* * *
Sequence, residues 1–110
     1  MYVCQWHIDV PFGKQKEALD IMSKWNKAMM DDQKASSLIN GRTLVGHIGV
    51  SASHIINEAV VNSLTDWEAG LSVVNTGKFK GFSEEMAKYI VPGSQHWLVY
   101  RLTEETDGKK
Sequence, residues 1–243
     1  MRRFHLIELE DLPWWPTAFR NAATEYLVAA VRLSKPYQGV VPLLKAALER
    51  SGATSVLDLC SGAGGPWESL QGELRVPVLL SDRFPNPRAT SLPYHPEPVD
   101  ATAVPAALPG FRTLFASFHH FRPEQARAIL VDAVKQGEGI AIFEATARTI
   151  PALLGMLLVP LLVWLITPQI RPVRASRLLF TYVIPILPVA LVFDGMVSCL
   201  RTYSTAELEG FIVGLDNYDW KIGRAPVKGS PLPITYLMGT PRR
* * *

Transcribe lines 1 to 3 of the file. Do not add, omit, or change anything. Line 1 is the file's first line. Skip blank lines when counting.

Sequence, residues 1–110
     1  MYVCQWHIDV PFGKQKEALD IMSKWNKAMM DDQKASSLIN GRTLVGHIGV
    51  SASHIINEAV VNSLTDWEAG LSVVNTGKFK GFSEEMAKYI VPGSQHWLVY